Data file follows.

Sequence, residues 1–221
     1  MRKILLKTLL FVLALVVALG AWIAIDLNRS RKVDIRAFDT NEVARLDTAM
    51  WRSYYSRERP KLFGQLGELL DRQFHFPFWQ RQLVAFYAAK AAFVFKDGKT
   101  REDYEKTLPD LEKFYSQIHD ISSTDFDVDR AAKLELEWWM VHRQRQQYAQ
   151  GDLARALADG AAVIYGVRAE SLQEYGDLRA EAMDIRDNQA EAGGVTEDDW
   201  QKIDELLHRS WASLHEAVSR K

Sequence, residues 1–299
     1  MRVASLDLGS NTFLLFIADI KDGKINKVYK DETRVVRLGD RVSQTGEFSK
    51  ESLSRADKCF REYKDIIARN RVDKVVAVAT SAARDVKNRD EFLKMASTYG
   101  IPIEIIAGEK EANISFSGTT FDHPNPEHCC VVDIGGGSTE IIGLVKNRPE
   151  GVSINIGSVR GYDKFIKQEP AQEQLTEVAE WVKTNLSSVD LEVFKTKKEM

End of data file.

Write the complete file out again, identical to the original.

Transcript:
Sequence, residues 1–221
     1  MRKILLKTLL FVLALVVALG AWIAIDLNRS RKVDIRAFDT NEVARLDTAM
    51  WRSYYSRERP KLFGQLGELL DRQFHFPFWQ RQLVAFYAAK AAFVFKDGKT
   101  REDYEKTLPD LEKFYSQIHD ISSTDFDVDR AAKLELEWWM VHRQRQQYAQ
   151  GDLARALADG AAVIYGVRAE SLQEYGDLRA EAMDIRDNQA EAGGVTEDDW
   201  QKIDELLHRS WASLHEAVSR K

Sequence, residues 1–299
     1  MRVASLDLGS NTFLLFIADI KDGKINKVYK DETRVVRLGD RVSQTGEFSK
    51  ESLSRADKCF REYKDIIARN RVDKVVAVAT SAARDVKNRD EFLKMASTYG
   101  IPIEIIAGEK EANISFSGTT FDHPNPEHCC VVDIGGGSTE IIGLVKNRPE
   151  GVSINIGSVR GYDKFIKQEP AQEQLTEVAE WVKTNLSSVD LEVFKTKKEM